Ben and Jerry’s threw a flavor release party Monday night at the Bowery Ballroom, announcing the name of a new and incredibly delicious, music festival-themed ice cream: Bonnaroo Buzz (light coffee and malt ice cream with a caramel whiskey swirl and English toffee pieces.) Chosen to lead the celebration were omni-rockers Ozomatli.
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When you tell someone that you’re from Washington D.C., you’ll often get a response along the lines of, “There must be a great punk scene there”. At which point, you’re forced to explain that while that might have been true 20 years ago, nowadays, punk bands are about as commonplace as honest politicians in the District. But every once in a while, D.C.‘s punk rock underbelly will briefly resurface, as old and young punks gather to celebrate the city’s musical history and keep the flame alive.
There’s a clear current that runs through the work of Daniel Martin-McCormick and Jacob Long: an obsession with driving rhythms. As part of the explosive, short-lived D.C. post-hardcore ensemble Black Eyes, the pair played alongside two drummers who traded in the sort of tribal polyrhythms that have only recently become fashionable in indie rock. Now, as members of San Francisco’s Mi Ami (along with drummer Damon Palermo), they’ve largely shed the free-jazz leanings of their previous act in favor of a more aqueous, echo-laden sound. At the Velvet Lounge on Friday night, the band showcased the full range of its abilities, with a set that started out visceral before descending into a disorienting tangle of spaced-out dub. Just when it seemed like the Velvet Lounge’s PA system couldn’t possibly be pushed any further, Martin-McCormick applied a delay effect to the drums, resulting in a deafening wall of ricocheting rhythms. It was a tactic that hearkened back to Martin-McCormick and Long’s days in the District: when in doubt, just add more drums.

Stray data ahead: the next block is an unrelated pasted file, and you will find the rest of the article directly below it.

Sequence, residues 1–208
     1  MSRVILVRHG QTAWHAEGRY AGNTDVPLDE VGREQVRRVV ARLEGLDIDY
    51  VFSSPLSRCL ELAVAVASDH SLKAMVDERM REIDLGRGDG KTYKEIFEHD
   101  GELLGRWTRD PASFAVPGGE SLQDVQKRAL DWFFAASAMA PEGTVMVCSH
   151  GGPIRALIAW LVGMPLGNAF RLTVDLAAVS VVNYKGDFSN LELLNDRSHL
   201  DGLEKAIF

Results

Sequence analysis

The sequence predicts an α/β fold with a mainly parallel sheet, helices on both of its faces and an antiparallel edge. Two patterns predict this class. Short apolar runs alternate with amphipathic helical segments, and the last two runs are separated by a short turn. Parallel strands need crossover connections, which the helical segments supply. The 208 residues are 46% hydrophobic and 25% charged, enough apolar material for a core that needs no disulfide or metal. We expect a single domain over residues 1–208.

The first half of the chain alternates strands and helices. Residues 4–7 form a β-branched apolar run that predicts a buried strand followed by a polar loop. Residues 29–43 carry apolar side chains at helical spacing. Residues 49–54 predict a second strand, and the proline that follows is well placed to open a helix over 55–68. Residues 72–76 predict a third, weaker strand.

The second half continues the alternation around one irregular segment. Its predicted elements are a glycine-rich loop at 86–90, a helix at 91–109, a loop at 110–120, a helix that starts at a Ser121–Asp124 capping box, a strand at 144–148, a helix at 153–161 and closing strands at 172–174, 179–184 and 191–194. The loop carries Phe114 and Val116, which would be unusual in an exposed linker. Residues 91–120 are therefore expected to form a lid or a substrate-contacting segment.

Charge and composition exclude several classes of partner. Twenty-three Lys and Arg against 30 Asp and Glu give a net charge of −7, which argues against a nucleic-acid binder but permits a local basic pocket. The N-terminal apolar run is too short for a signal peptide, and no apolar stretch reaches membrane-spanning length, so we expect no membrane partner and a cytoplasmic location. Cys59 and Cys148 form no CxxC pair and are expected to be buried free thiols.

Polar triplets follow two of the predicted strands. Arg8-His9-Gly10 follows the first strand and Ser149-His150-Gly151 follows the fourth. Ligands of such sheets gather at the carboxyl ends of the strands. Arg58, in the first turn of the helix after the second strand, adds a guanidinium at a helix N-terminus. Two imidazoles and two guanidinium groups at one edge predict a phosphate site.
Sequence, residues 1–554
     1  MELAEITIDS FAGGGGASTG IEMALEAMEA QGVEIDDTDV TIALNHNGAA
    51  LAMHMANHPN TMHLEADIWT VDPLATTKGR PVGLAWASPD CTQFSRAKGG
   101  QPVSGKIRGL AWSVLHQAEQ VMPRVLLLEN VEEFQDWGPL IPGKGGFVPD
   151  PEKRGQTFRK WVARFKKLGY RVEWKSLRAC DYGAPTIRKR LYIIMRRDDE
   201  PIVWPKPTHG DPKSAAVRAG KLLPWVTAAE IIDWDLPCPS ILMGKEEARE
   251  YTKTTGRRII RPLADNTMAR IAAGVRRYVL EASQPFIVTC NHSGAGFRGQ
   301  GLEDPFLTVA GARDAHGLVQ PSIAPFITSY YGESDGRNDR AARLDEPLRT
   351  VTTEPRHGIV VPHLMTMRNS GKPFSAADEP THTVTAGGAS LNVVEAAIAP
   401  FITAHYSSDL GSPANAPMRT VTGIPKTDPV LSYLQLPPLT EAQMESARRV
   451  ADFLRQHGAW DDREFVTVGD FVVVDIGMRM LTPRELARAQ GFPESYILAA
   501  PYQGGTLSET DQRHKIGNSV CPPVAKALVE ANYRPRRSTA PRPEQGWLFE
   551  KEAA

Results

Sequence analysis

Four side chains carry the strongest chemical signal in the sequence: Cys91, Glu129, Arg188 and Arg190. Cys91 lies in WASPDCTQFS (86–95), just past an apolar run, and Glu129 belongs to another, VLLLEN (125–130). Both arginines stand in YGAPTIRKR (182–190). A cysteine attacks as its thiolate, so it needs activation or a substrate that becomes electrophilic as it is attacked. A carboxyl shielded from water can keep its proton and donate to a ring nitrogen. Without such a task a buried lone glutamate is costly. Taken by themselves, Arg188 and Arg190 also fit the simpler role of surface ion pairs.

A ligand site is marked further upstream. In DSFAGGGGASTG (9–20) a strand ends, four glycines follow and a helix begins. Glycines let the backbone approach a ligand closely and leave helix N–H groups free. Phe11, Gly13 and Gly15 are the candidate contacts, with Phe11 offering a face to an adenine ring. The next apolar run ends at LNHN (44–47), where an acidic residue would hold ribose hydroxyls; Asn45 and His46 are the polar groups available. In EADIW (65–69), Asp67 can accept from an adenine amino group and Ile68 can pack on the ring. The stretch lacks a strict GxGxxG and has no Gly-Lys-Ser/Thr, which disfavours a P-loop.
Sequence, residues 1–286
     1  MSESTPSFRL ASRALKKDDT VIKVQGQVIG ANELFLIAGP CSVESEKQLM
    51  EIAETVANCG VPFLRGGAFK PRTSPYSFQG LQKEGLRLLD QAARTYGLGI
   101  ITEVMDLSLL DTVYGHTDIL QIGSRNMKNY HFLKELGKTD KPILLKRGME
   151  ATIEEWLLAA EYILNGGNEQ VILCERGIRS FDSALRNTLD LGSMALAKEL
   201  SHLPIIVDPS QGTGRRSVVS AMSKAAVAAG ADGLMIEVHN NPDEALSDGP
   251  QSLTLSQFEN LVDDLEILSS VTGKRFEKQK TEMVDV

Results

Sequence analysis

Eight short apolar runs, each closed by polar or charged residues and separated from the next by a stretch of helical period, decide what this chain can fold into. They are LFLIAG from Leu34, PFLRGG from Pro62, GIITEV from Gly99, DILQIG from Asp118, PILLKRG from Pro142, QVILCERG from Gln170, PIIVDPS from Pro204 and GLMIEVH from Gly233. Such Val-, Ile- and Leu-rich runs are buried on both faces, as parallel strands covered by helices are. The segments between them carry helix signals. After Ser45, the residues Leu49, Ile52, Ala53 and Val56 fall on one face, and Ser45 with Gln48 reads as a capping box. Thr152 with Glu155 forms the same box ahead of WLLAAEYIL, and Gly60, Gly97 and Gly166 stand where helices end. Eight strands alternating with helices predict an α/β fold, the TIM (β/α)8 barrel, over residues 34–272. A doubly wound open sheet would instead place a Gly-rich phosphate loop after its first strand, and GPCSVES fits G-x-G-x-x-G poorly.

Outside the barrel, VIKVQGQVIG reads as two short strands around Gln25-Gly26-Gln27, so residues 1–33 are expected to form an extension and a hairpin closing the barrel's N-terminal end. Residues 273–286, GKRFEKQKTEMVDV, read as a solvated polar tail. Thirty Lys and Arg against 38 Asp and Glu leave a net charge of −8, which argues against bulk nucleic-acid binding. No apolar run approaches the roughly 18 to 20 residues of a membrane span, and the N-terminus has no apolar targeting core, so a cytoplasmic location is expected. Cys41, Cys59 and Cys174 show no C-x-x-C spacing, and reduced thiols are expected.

Heavy metal at The Opera House has become a tradition in Toronto, but the gathering of four metal bands all hailing from Finland was a rare novelty. Survivors Zero, Swallow The Sun, Moonsorrow, and Finntroll entertained an all-ages crowd on Monday night that made up in enthusiasm what they lacked in numbers. The appearance of each new band onto the stage was a theatrical moment which included apocalyptic entrance music and the hoisting of banners, like armies storming a battlefield. The effectiveness of the mood preparations was underscored by the fact that each band was given ample time to perform complete sets. The resulting steady flow of black metal infused with Finnish folk music had heads banging, hair swirling, devil horns pumping, and mosh pits in full swing even before headliners Finntroll had their instruments in hand. At the end of each set, fans feverishly chanted “one more song”, and thanks to the efforts of a highly efficient stage crew, gap times between bands were mere minutes. The Finn rockers clearly fed off the crowd’s energy and they willingly expressed their appreciation for the zeal. There were many highlights but the overall upshot of seeing these strongly unified metal bands was a bona fide treat.
Power to the androids! Self-proclaimed “thrival” Janelle Monáe recently descended upon New York City to preview The Arch Android, her forthcoming follow-up to 2008’s Metropolis Suite I: The Chase, which updates the story of Cindi Mayweather (Android #57821) and her adventures in Metropolis.
At Joe’s Pub, Janelle Monáe possessed even more drive and confidence than her 2008 debut appearances. Her typically epic opening medley was capped off with “Locked Inside”, which wafted over the audience like a salted sea breeze. It’s destined to be the “summer song” of 2010. If Monáe’s performances of “Cold War” and “Tight Rope” were any indication, The Arch Android might even surpass its predecessor as the mirror to Monáe’s genius. With a wink towards James Brown’s histrionics, Monáe knelt on the stage floor with a cape and stirred the audience to a frenzy on the latter tune. Call her The Godmother of Android Funk.
// Sound Affects
"Sharon Jones and Woodie Guthrie knew: great songs belong to everybody.READ the article